Typically, CFS arises suddenly in a previously active individual. An otherwise unremarkable flu-like illness or some other acute stress leaves unbearable exhaustion in its wake. Other symptoms, such as headache, sore throat, tender lymph nodes, muscle and joint aches, and frequent feverishness, lead to the belief that an infection persists, and medical attention is sought. Over several weeks, despite reassurances that nothing serious is wrong, the symptoms persist and other features of the syndrome become evident—disturbed sleep, difficulty in concentration, and depression.

Many patients report that diverse complaints are linked—that during periods of greatest fatigue they perceive the most pain and difficulty with concentration. Patients also commonly assert that excessive physical or emotional stress may exacerbate their symptoms.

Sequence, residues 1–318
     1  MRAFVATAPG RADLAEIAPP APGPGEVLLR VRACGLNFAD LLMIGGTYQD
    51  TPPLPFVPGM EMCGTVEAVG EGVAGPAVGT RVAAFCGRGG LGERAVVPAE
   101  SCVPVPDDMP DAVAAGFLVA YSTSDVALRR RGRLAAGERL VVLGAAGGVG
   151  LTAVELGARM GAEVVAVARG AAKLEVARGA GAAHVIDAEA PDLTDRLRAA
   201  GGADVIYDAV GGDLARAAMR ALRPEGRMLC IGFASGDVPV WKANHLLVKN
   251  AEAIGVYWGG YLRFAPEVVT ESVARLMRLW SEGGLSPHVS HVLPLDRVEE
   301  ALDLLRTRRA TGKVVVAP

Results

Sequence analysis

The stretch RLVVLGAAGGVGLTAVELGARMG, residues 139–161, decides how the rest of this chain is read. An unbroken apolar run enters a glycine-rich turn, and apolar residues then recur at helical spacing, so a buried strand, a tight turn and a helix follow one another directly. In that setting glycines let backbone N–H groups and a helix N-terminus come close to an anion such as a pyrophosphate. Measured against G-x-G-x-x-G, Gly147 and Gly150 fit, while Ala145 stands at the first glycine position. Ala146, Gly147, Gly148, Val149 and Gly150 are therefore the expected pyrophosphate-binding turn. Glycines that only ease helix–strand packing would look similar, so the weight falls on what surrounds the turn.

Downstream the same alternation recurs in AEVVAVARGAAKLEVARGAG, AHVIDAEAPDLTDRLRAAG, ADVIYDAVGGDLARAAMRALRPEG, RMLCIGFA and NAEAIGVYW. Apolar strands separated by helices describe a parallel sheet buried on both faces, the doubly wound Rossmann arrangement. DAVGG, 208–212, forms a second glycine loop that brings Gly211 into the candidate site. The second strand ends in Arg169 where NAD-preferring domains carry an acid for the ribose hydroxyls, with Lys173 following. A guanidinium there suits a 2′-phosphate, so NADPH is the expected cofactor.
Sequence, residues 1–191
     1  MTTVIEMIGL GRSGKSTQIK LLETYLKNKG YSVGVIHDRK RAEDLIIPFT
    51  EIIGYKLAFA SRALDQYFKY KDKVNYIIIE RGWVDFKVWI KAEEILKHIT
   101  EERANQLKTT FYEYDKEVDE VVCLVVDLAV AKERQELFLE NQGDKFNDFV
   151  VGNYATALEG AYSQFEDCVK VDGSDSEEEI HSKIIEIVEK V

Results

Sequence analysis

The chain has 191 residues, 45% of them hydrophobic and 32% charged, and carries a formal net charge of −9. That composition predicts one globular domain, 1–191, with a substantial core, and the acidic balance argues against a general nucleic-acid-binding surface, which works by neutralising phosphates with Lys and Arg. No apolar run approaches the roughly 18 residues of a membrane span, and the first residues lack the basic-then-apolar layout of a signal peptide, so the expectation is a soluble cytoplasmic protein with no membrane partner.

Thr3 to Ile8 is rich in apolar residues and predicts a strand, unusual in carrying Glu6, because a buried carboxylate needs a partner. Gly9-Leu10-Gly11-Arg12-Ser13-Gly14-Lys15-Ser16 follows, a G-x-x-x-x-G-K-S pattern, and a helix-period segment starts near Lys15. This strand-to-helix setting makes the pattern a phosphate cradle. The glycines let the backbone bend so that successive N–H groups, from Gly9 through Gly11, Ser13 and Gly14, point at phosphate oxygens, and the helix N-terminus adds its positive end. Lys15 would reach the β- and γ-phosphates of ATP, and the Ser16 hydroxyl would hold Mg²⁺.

Symptoms of CFS

The main symptom is severe fatigue, generally longer than 6 months, which impairs daily life and is often made worse by exertion, exercise, headache, sore throat, and other stresses. It may be accompanied by enlarged, painful lymph nodes; sore throat; headache; joint pain; abdominal pain; muscle pain; low-grade fever; and cognitive difficulty, especially difficulty concentrating and sleeping. Many patients relate symptom onset to a viral-like syndrome, with swollen glands, extreme fatigue, fever, and upper respiratory symptoms.

Mild to moderate depression is present in half to two-thirds of people. Much of this depression may be reactive to the health situation, but its prevalence exceeds that seen in other chronic medical illnesses.